WE are glad to see a new edition of this work on our table. It is every way worthy of the distinction, though wanting some of the qualities by which popular favour is most easily won. It is a book of solid and pains-taking research, scrupulously honest, and of liberal views, The authorities relied on are appended, and every facility is given for the detection of error, where it exists, and the further prosecution, when desired, of any branch of the general history. Little comparatively is known of the history of ancient Egypt, though, as is noted by Mr. Sharpe, in his preface, it ranks next in importance to those of Judæa, Greece, and Rome. There is much in it to interest the general reader, and still more to engage the deepest study of those who are concerned, to trace the moral history of the human race. We recommend both the subject and the work to the early and favourable notice of our readers.
The Spirit admitted to the Heavenly House: the Body refused a Grave. Two Sermons, preached on the occasion of the death of the Rev. T. S. Guyer, of Ryde, Isle of Wight. With Notes. By Thomas Binney. London: Jackson and Walford.
WE are always gratified to meet the author of these sermons. Whether we agree with his opinions or not, whether we deem his views wise or unwise, his projects practicable or utopian, we always find his company agreeable, and his cogitations instructive. There is a freshness and honesty, a raciness of thought, and directness of purpose in Mr. Binney's compositions, with which it is eminently pleasing to meet. He is not one of a crowd, but possesses distinct personal qualities, an individual character, which is not to be confounded with the dull tameness about him.
These characteristics are strikingly visible in the present discourses, and give them a great charm. The occasion of the delivery of the sermons is well known, and the improvement here made of it is at once pertinent and effective. The preacher felt both the tenderness and the solemnity which were proper to his vocation, and he has reasoned and counselled accordingly. The first, a funeral sermon, is formed on 2 Corinthians, v. 1., and the other, in which the pretensions of the episcopal church of this country are tested, on Acts xx. 16, 17. We should be glad to see the second of these discourses printed in a detatched and somewhat different form. It deserves to live, and to have a wide circulation Its spirit is thoroughly catholic, its reasonings are cogent, and its rebukes untinctured by bitterness. Would that the spirit it breathes, as well as the intellect it evinces, were more general amongst our churches.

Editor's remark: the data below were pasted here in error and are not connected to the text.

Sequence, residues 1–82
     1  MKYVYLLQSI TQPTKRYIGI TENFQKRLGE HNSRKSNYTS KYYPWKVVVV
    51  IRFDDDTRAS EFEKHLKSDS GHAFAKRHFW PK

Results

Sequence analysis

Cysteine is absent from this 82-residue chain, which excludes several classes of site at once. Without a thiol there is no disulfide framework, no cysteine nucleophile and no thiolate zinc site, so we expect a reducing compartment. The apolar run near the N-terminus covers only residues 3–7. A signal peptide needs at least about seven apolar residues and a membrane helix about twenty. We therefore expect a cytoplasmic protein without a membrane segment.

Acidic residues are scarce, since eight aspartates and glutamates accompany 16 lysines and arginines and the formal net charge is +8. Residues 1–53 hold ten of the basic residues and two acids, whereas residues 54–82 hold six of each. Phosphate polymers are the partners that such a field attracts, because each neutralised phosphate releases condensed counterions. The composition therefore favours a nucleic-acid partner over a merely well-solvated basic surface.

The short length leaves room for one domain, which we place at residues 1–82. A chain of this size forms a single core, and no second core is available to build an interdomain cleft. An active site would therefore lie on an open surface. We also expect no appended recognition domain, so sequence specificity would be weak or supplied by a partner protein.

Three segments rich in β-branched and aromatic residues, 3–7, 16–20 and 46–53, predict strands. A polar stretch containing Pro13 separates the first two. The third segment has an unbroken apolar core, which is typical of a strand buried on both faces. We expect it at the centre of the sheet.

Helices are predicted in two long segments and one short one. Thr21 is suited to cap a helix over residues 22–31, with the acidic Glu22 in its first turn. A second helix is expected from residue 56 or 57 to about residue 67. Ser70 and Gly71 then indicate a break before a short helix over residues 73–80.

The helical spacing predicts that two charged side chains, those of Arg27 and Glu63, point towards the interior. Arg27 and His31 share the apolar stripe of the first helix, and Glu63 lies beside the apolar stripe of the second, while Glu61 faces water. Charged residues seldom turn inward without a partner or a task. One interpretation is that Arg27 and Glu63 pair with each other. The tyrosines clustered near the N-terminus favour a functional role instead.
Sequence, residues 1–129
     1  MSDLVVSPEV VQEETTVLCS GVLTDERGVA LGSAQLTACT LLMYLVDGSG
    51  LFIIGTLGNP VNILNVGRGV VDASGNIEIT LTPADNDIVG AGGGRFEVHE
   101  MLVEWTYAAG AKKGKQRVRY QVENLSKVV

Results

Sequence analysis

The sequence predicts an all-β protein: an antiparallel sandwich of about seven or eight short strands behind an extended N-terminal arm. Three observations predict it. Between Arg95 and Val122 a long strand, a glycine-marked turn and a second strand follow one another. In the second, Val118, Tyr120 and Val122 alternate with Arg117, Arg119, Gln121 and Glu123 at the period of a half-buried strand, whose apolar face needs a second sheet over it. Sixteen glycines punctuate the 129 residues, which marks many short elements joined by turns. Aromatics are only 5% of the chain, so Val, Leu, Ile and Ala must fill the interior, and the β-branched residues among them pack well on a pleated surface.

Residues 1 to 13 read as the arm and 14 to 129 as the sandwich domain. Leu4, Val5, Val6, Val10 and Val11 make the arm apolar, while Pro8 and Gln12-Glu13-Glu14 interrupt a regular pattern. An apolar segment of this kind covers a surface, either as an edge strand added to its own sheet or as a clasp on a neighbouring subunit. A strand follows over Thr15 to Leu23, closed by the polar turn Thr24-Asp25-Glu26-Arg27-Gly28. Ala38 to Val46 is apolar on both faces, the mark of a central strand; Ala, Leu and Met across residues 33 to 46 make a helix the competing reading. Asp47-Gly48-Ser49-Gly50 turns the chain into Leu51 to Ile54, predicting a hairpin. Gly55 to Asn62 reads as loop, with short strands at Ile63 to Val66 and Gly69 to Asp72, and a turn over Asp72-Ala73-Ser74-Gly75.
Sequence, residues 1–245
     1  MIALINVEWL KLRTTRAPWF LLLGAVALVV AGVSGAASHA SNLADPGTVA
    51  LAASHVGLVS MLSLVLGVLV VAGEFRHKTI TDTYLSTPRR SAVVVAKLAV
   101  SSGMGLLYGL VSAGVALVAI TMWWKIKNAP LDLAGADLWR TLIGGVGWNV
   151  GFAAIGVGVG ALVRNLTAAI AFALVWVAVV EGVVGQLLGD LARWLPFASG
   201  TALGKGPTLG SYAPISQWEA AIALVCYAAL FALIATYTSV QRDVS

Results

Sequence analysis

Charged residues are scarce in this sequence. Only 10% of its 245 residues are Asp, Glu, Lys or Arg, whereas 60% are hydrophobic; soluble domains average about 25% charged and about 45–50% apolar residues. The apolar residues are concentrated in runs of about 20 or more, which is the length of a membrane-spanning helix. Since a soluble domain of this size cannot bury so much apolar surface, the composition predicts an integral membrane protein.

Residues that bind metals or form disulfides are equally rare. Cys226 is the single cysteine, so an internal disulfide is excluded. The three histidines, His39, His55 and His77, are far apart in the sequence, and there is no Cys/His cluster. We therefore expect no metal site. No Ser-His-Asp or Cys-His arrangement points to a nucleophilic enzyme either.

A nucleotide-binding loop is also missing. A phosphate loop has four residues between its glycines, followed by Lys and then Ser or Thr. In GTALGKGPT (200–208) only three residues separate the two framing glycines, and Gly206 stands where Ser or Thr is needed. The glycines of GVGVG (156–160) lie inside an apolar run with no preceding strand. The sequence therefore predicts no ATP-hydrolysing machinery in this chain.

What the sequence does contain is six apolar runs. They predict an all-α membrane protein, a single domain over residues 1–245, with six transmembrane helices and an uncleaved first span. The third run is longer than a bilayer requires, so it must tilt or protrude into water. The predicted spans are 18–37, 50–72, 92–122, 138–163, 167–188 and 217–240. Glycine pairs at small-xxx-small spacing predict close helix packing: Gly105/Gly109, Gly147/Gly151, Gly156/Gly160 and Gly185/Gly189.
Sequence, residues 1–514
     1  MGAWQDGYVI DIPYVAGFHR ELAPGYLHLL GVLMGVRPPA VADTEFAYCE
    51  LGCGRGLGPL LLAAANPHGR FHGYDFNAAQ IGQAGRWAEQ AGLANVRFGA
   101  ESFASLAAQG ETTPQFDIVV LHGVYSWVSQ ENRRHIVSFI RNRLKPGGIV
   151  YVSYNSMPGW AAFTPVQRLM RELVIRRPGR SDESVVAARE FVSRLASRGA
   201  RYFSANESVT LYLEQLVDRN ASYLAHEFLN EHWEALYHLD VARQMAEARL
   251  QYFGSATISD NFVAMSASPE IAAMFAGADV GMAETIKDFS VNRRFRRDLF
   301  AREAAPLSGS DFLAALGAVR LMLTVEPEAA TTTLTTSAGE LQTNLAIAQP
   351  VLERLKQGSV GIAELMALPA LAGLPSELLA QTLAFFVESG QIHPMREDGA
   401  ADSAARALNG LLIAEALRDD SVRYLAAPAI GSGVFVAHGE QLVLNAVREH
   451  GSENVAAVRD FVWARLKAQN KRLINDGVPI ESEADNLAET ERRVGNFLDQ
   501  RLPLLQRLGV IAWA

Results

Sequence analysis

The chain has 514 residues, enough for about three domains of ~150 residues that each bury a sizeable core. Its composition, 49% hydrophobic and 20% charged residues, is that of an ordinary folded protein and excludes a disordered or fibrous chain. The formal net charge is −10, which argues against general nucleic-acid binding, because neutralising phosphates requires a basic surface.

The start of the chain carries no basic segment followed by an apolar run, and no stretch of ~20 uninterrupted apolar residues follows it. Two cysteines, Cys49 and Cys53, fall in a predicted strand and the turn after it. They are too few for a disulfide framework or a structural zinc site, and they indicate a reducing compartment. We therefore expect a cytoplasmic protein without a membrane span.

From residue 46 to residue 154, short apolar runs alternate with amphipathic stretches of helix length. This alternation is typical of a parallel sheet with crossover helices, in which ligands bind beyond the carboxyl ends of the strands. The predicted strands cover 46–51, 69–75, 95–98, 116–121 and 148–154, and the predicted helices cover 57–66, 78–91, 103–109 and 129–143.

A Course of Lectures on Dramatic Art and Literature. By Augustus William Schlegel. Translated by John Black, Esq. Revised according to the last German Edition, by the Rev. A. J. W. Morrison, M.A. London: Henry G. Bohn.
THIS volume belongs to Bohn's 'Standard Library,' and will fully sustain the character of that admirable series. The lectures it contains have an extensive and very high reputation throughout the Continent of Europe, and will be read with great interest, and much advantage, by all who are engaged in literary investigations. They were delivered in the spring of 1808, to a brilliant audience at Vienna, and, on their subsequent publication, were received with marked approbation by the literati of Europe. I was at Vienna,' Madame de Staël, when W. Schlegel gave his public course says of lectures. I expected only good sense and instruction, where the object was merely to convey information: I was astonished to hear a critic as eloquent as an orator, and who, far from falling upon defects, which are the eternal food of mean and little jealousy, sought only the means of reviving a creative genius.' The object of the author, is both to take a rapid survey of dramatic productions of different ages and nations, and to develope and determine the general ideas by which their true artistic value must be judged ?
China, and her Spiritual Claims. By the Rev. Evan Davis, late Missionary to the Chinese. pp. 134. Snow.
A USEFUL little work, well calculated to excite Christian compassion for a third of the human race.
Memoirs of Alexander Bethune, embracing Selections from his Correspondence, and Literary Remains. Compiled and edited by William M'Combie, author of Hours of Thought,' Moral Agency,' &c. pp. 390. Aberdeen: George and Robert King.
WE cannot better describe the subject of these Memoirs than in the words of the inscription placed upon his monument. With scarcely any school education, and under the pressure of poverty and the severest toil, he produced several works of much merit, illustrative of the character and manners, and conducive to the improvement, of his own class of society; and was as remarkable for his independence of spirit, and private virtues, as for his literary attainments.' The story of his life, and labours, affords a fresh illustration of what may be done in the cultivation of the mind, and the pursuit of knowledge under difficulties, by diligence and energy.' Mr. M'Combie has discharged his task with great judgment.
Old England's Alarum. pp. 51. Hatchard. TRUTH and sense in a garb of vigorous verse.